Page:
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A CROSS-LINGUISTIC STUDY OF

THE PRAGMATICS OF REQUESTS


BY STUDENTS OF THE BA ENGLISH
TEACHING PROGRAM AT BUAP
Jacob Maldonado Morales
CHAPTER 1
CHAPTER 1 – BASIC OUTLINE

1) Introduction
2) Significance
3) Background
4) Objectives
5) Research questions
6) References
1. INTRODUCTION
o We live in a globalized world where communication between
people from different countries using a lingua franca or a second
language is becoming a common phenomenon.
o The process of learning a second language is definitely seen as
an interesting area of analysis since it becomes relevant not
only to understand linguistic components like grammar rules or
syntax, but also to figure out how well language learners
perform in real communicative contexts by conveying messages
successfully while using a foreign language.
o Developing pragmatic competence by students is difficult since
norms and conventions differ from culture to culture.
2. SIGNIFICANCE
• Spanish students of English, even at advanced levels, may fall back on
their cultural background when formulating their request strategies.
Such an analysis of the definition of politeness allows us to understand
how it may be cross-culturally conceptualized and understood.
• This study will help to identify English language learners’ strengths
and weaknesses in relation to the use of the communicative
competence as well as the development of their pragmatic
competence when performing requests.
• The study will help to determine to what extent the learners are
conscious of the different norms and conventions that govern
communicative interaction in a foreign language.
3. BACKGROUND

• It is important to remark that individuals speak and use different


languages depending on the society they belong to (Mahmoud,
2014). This makes individuals acquire a language and its system
features, both linguistic and pragmatic, based on their daily
communicative encounters.
• Literature indicates that learners’ problems derived from
intercultural communication are strongly related to the use of L1
norms and conventions while performing a speech act in a L2
(Wolfson, 1989; Kasper, 1992).
3. BACKGROUND
• A second language learner has to be competent using the linguistic forms of
the target language as well as the suitable functions demanded by the
context if he wants to avoid pragmatic failure (Flores, 2011).
• Chomsky (1965) theory claims that a second language learner can be
considered competent if his knowledge upon grammar, syntax, phonology
and lexis of the second language are well-founded.
• Hymes (1972) proposes that a competent speaker must also know the
appropriate words that should be used in a specific context. He states that:
• a normal child acquires knowledge of sentences not only as grammatical,
but also as appropriate. He or she acquires competence as to when to
speak, when not, and as to what to talk about with whom, when, where, in
what manner (277).
4. OBJECTIVES
• To analyze the participants’ pragmatic competence level in both L1 and L2.
• To demonstrate what the participants’ proficiency level is when performing
the speech act of request in both languages.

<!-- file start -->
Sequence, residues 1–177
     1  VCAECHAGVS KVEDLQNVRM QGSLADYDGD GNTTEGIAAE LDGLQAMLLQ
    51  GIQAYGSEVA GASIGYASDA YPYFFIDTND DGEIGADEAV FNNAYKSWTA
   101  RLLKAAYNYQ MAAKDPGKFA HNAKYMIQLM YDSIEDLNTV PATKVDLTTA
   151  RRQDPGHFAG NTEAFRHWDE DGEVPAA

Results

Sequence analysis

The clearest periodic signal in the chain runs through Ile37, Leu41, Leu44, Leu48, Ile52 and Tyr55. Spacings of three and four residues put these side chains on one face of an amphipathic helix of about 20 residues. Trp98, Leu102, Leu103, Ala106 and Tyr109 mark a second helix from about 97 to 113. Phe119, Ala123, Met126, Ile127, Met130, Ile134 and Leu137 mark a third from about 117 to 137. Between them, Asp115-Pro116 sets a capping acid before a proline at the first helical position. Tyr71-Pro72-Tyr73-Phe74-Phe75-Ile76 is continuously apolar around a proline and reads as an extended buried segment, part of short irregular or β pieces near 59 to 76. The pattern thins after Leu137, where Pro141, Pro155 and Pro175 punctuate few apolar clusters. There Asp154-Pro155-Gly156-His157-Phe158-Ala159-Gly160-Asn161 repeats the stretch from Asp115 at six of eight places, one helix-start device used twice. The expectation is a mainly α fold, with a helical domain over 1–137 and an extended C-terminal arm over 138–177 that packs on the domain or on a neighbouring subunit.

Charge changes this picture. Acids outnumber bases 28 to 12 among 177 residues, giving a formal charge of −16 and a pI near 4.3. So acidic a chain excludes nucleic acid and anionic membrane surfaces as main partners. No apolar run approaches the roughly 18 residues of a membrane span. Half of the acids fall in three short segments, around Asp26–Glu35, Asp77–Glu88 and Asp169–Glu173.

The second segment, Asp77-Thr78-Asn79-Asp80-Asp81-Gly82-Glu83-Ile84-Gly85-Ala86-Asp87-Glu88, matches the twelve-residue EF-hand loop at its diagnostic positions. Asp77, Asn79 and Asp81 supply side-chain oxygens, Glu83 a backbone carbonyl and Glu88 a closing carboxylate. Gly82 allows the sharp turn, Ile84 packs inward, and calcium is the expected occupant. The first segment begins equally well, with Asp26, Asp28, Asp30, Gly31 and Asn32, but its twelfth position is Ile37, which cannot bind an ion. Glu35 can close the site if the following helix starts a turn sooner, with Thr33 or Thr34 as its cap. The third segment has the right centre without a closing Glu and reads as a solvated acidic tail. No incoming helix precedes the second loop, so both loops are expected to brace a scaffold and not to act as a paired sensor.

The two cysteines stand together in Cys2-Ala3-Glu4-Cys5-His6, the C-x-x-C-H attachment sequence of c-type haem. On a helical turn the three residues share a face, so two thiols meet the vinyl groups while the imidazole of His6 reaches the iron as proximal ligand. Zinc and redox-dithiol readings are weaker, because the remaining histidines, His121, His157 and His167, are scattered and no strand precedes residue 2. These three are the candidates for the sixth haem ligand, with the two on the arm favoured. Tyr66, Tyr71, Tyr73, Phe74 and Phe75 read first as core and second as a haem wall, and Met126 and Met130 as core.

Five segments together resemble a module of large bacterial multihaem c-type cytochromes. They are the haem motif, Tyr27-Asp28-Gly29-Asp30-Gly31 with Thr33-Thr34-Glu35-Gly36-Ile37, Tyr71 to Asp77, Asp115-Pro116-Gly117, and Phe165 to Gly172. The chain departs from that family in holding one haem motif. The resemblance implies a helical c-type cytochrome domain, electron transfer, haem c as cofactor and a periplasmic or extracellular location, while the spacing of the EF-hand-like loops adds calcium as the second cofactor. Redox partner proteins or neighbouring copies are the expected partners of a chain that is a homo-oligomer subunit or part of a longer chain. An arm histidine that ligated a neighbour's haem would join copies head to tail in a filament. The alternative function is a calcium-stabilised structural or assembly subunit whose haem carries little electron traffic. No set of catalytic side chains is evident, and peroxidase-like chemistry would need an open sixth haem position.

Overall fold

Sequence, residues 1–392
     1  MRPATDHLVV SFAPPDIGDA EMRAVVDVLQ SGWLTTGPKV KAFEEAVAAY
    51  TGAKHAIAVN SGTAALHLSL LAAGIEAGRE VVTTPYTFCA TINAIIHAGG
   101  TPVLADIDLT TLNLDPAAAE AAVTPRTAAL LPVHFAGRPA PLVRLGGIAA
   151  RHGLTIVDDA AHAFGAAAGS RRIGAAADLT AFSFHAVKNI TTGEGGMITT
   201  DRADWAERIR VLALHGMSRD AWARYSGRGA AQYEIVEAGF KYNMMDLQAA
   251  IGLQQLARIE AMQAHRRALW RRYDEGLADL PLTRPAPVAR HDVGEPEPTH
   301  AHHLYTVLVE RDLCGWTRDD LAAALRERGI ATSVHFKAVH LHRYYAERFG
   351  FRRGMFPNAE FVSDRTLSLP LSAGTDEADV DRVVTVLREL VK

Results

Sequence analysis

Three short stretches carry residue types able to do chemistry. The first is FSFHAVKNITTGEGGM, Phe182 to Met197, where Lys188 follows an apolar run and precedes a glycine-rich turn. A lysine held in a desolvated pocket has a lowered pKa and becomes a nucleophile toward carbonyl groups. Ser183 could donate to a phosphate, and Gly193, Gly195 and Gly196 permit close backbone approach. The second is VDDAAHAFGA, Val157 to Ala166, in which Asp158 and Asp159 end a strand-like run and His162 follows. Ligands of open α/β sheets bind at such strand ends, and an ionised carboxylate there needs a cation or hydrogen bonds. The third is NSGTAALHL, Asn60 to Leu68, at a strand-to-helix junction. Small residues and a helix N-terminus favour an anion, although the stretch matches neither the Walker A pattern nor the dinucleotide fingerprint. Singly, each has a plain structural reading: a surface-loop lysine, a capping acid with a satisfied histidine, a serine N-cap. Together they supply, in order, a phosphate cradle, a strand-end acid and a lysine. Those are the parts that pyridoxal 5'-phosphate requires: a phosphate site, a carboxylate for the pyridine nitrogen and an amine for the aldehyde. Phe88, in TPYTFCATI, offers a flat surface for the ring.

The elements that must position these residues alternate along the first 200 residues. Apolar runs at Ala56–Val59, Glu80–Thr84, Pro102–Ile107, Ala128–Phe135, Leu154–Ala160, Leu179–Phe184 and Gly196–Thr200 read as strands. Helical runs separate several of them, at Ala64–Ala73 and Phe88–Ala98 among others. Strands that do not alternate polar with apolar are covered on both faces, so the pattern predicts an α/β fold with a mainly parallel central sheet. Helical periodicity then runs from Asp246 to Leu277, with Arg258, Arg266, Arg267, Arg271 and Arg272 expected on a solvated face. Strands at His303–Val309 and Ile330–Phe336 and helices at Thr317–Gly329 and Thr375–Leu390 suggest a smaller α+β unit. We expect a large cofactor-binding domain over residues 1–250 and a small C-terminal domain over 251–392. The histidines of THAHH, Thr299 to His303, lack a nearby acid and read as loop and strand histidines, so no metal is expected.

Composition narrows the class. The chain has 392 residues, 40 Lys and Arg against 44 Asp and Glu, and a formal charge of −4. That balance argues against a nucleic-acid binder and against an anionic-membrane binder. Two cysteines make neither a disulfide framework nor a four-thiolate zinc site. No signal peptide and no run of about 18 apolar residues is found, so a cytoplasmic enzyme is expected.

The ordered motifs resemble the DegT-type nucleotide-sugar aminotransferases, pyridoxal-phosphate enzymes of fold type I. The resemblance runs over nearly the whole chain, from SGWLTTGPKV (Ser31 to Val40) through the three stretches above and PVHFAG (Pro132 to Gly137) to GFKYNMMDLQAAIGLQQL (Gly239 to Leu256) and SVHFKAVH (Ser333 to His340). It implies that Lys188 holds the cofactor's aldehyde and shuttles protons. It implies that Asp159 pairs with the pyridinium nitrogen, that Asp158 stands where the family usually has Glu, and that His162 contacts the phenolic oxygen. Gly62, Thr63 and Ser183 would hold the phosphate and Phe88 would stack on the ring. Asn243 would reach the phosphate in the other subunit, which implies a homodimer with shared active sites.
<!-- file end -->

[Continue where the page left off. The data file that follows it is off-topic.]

• To identify what specific strategies learners utilize in order to achieve
requests successfully.
• To determine what influence interlanguage pragmatics has on learners.
• To compare the realization patterns of requests and conventions of means of
requests produced by Spanish speaking students with those EFL learners to
analyze the developmental process of acquisition of requests.
5. RESEARCH QUESTIONS

• i. What are the preferred requesting strategies in English used by the EFL
student participants?
• ii. What are the preferred requesting strategies in Spanish used by the L1
Spanish speaking student participants?
• iii. What are the observable modifications used by the participants in English
and the participants in Spanish in the process of making requests?
6. REFERENCES

• Chomsky, N. (1965). Aspect of the theory syntax. Boston: MIT Press.


• Diaz Perez, F. J. (2001). Produccion de actos de habla en Ingles y en Espanol: un análisis contrastivo de estrategias de cortesía verbal. Universidad de Jaén.

• Flores Salgado, E. (2011). The Pragmatics of Requests and Apologies: Developmental Patterns of Mexican Students. Amsterdam: John Benjamins Pub.
Company
• Goddard, C. & Wierzbicka, A. (1997). Discourse and culture in Van Dijk, T. A. (ed): 231- 257
• Hymes, D.H. (1972). “On Communicative Competence” In: J.B. Pride and J. Holmes (eds)
• Sociolinguistics. Selected Readings. Harmondsworth: Penguin, pp. 269-293.(Part 1)
• Kasper, G. 1992. Pragmatic transfer. Second Language Research, 8(3): 203–231
• Mahmoud, E. (2014). A cross-cultural study of pragmatically requestive speech act realization patterns. The British University in Dubai
• Nicholls, C. (2009). El conocimiento de normas pragmaticas en las peticiones electrónicas: un estudio comparativo entre hablantes del Español como
lengua nativa, lengua heredada, y lengua extranjera. University of Arizona.
• Neff-van Aertselaer, J., & Pütz, M. (2008). Developing Contrastive Pragmatics: Interlanguage and Cross-cultural Perspectives. Berlin: Mouton de Gruyter.
• Thomas, J. 1983. Cross-cultural pragmatic failure. Applied Linguistics, 4(2): 91–109
• Wolfson, N. (1989). Perspectives: Sociolinguistics and TESOL. Cambridge; Massachusetts: Newbury House.